AAS 195th Meeting, January 2000
Session 52. Absorption in the Intergalactic Medium
Display, Thursday, January 13, 2000, 9:20am-6:30pm, Grand Hall

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[52.02] Predicting High--Resolution STIS Spectra of Four Multiphase MgII Absorbers: A Test of Photoionization Models

J. Charlton, R. Mellon, J. Rigby, C. Churchill (Penn State)

We present simulated STIS spectra of four MgII systems along the line of sight toward the quasar PG~1634+706. For this bright quasar, very high signal--to--noise Space Telescope Imaging Spectrograph (STIS) spectra at high resolution (R=10~km/s) were recently obtained (1999 May and June), covering 1850 to 3100 Angstroms. However, these data are still proprietary in the HST archive, and we deliberately present this poster without knowledge of the spectra.

The primary goal of this study is to conduct a fair test of the validity of a photoionization modeling technique that is applicable when a combination of high and low resolution spectra are available for various chemical transitions. We apply constraints from: 1) High Resolution Spectrograph (HIRES/Keck I) (6.6~km/s) profiles of low ionization species, MgII and FeII; and 2) an archival, low resolution (R=230~km/s) HST/FOS (Faint Object Spectrograph) spectrum covering Ly\alpha, Ly\beta, SiII, SiIII, SiIV, CII, CIII, CIV, NV, and OVI. Although the high resolution STIS spectra of PG~1634+706 will soon be released, it is only practical to obtain high resolution UV spectra for a handful of the brightest quasars. The technique that we have developed, if demonstrated to be valid, will be applicable for large statistical studies of multiphase absorption and galaxy properties.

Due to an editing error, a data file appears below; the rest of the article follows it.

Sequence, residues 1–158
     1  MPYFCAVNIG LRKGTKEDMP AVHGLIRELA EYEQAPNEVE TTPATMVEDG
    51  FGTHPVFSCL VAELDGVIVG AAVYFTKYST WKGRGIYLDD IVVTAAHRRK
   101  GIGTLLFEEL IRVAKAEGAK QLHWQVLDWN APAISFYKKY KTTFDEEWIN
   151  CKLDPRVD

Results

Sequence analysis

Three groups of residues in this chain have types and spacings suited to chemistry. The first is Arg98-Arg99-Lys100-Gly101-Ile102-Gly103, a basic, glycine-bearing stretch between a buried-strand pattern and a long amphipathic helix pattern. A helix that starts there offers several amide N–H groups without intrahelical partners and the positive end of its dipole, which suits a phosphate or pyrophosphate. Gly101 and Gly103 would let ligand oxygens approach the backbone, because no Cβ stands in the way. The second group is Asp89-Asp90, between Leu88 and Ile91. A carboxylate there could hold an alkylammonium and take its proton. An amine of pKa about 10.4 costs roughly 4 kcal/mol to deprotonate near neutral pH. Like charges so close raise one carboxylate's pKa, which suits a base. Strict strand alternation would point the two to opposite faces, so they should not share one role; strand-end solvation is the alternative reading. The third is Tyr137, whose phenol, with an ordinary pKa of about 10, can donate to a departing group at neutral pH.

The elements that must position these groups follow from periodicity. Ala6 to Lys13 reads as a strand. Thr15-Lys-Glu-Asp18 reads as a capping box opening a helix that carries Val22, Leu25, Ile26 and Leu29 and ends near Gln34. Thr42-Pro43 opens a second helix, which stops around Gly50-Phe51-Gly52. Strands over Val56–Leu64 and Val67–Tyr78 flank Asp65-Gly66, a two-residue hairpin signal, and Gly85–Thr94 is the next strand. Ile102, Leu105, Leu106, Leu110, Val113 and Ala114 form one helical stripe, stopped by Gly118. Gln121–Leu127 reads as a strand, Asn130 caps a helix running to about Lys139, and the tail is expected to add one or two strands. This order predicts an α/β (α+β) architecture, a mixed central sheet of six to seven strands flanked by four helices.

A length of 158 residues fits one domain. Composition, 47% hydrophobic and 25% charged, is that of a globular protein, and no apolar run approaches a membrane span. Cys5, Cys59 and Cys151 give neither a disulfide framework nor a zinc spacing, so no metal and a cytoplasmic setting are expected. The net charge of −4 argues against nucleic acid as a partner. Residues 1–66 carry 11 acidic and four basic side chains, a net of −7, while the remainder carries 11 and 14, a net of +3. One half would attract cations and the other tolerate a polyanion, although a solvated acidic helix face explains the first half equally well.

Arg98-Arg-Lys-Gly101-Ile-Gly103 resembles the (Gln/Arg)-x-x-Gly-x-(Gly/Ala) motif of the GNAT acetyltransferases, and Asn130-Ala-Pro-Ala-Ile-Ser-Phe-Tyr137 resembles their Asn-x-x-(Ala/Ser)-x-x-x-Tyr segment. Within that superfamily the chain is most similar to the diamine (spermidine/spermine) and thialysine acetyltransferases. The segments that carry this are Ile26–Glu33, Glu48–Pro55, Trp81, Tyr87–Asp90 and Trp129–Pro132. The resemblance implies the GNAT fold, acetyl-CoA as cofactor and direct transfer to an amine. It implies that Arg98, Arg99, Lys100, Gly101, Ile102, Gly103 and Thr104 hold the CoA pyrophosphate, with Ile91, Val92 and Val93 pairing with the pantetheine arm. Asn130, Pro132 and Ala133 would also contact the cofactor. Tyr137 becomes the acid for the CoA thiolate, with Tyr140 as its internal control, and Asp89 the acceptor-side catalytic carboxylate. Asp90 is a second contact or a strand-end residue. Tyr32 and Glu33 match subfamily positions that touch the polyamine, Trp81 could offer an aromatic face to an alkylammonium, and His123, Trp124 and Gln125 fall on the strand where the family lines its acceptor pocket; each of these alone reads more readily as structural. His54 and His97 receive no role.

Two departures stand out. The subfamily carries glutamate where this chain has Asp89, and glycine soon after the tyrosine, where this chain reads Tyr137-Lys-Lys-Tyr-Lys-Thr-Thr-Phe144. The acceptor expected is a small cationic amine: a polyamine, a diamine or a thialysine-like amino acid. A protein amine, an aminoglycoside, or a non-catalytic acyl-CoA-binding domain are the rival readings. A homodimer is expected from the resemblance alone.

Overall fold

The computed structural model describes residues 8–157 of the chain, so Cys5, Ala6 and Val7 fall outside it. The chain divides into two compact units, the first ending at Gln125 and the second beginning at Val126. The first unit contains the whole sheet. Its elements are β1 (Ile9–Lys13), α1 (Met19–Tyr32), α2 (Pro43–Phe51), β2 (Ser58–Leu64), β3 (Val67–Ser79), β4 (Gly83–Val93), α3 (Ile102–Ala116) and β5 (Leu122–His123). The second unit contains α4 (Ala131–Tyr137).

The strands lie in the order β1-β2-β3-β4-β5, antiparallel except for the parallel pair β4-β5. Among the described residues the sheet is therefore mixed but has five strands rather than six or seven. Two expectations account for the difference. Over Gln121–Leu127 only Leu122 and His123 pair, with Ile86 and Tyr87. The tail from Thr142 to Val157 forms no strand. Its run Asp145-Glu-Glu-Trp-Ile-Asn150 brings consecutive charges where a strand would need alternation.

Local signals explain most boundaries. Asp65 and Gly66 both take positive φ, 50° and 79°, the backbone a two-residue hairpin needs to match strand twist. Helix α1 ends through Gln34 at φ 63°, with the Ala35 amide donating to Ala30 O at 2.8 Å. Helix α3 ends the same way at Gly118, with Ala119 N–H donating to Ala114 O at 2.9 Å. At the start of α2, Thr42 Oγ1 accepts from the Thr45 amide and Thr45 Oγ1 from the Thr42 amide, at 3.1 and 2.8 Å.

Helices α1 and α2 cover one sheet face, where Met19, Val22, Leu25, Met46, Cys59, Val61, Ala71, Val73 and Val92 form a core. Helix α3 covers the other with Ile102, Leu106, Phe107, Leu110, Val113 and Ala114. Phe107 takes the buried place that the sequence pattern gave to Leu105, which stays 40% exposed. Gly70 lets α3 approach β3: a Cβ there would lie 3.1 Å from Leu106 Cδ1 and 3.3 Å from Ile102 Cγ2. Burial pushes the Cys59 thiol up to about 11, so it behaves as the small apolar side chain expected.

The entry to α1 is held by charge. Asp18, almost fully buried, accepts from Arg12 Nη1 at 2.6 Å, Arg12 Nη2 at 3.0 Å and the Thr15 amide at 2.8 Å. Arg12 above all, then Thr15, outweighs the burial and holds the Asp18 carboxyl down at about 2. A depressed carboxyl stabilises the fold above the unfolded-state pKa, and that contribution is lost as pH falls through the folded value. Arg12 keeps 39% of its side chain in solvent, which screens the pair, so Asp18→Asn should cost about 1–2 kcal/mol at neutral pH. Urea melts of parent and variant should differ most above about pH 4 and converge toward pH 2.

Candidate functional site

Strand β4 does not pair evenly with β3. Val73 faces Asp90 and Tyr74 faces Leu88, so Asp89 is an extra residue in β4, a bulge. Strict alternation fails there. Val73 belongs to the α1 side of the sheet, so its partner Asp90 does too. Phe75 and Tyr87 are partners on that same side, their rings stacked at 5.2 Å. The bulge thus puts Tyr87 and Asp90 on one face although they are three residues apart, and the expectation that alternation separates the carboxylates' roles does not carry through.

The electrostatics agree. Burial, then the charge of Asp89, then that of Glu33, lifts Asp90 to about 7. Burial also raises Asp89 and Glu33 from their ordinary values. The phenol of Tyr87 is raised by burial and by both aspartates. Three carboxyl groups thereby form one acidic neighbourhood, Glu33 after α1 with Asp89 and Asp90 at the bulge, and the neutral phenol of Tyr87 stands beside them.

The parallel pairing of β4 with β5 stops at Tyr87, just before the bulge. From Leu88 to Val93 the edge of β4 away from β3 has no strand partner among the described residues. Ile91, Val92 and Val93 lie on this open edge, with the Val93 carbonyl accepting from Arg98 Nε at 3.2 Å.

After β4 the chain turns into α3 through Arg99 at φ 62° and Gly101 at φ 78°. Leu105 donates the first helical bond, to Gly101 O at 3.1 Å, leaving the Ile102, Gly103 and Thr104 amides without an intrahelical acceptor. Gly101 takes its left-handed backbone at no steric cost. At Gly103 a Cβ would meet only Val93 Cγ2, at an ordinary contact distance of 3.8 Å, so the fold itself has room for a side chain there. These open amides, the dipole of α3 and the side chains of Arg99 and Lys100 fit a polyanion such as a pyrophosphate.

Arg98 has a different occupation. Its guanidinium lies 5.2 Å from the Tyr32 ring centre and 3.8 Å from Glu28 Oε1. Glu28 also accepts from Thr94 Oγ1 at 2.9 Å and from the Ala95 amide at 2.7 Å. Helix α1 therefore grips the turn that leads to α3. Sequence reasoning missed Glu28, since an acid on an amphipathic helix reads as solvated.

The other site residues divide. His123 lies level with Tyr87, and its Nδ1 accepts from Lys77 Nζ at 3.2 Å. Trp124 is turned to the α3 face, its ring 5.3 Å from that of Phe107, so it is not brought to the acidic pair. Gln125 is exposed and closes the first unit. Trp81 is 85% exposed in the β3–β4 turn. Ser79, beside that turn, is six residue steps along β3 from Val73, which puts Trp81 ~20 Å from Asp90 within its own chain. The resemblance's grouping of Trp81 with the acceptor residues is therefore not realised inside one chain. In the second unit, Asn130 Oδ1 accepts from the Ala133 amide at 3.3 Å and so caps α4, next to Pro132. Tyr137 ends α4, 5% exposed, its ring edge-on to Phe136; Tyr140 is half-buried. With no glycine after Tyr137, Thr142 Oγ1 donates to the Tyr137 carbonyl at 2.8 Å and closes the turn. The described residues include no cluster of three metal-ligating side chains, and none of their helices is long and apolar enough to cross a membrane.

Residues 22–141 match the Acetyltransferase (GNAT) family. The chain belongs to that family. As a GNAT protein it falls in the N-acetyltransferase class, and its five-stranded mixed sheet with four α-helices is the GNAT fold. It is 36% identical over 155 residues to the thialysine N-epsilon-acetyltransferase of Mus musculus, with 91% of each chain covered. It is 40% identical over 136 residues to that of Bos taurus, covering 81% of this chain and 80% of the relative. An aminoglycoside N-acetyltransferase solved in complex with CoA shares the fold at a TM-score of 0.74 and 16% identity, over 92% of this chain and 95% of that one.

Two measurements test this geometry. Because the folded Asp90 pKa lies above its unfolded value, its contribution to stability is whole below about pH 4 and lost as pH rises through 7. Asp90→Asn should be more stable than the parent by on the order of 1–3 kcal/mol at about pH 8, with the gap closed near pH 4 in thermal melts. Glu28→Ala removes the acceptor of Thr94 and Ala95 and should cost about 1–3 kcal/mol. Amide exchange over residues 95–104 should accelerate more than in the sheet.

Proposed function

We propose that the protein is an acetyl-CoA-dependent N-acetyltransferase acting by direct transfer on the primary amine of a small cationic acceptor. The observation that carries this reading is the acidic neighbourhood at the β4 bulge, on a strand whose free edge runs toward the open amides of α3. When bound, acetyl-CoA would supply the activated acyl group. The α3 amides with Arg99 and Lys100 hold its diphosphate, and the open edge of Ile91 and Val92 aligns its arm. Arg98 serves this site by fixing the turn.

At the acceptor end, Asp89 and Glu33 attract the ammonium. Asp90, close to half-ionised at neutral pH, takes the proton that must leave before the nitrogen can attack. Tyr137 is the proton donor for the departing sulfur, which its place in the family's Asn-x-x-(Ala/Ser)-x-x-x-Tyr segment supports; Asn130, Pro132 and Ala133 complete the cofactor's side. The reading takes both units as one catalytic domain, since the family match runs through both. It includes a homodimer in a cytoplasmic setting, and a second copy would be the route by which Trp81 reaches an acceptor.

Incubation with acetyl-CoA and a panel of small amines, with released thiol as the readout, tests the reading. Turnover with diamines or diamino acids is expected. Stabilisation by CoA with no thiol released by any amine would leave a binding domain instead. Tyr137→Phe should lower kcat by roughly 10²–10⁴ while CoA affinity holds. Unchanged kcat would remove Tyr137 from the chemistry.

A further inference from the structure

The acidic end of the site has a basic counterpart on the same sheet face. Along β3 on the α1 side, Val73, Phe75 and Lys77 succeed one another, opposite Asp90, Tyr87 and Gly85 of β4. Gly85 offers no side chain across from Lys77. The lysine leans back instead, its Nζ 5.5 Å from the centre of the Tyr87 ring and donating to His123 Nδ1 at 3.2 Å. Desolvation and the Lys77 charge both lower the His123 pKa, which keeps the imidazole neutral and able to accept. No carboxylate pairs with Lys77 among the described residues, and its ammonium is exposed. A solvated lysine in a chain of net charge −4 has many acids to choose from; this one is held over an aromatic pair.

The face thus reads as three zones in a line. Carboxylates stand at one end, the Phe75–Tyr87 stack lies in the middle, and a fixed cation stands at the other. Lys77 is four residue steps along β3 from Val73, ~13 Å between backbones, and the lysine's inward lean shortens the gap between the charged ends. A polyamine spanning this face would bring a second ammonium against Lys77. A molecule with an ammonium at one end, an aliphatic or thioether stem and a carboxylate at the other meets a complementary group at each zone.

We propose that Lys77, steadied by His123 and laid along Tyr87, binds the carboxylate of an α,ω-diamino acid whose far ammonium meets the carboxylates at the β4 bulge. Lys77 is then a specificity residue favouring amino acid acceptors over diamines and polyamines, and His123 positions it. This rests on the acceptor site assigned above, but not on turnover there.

The four MgII absorbers along the PG~1634+706 line of sight exhibit a variety of MgII kinematic structures and higher ionization phases. They include one single cloud, weak MgII absorber without detected CIV in the FOS spectrum, and another with strong CIV absorption. Based on our modeling, we predict that the most unusual system, at z=1.0414, will have at least two distinct components in the CIV profile, one centered on the MgII absorption, and the other (without detected MgII) offset 200~km/s to the blue.

We acknowledge NASA (NAG 5--6399) and the NSF (AST--9617185). R. Mellon and J. Rigby were supported by an NSF REU Supplement.

If you would like more information about this abstract, please follow the link to http://www.astro.psu.edu/users/cwc/qsogroup/. This link was provided by the author. When you follow it, you will leave the Web site for this meeting; to return, you should use the Back comand on your browser.

The author(s) of this abstract have provided an email address for comments about the abstract: charlton@astro.psu.edu

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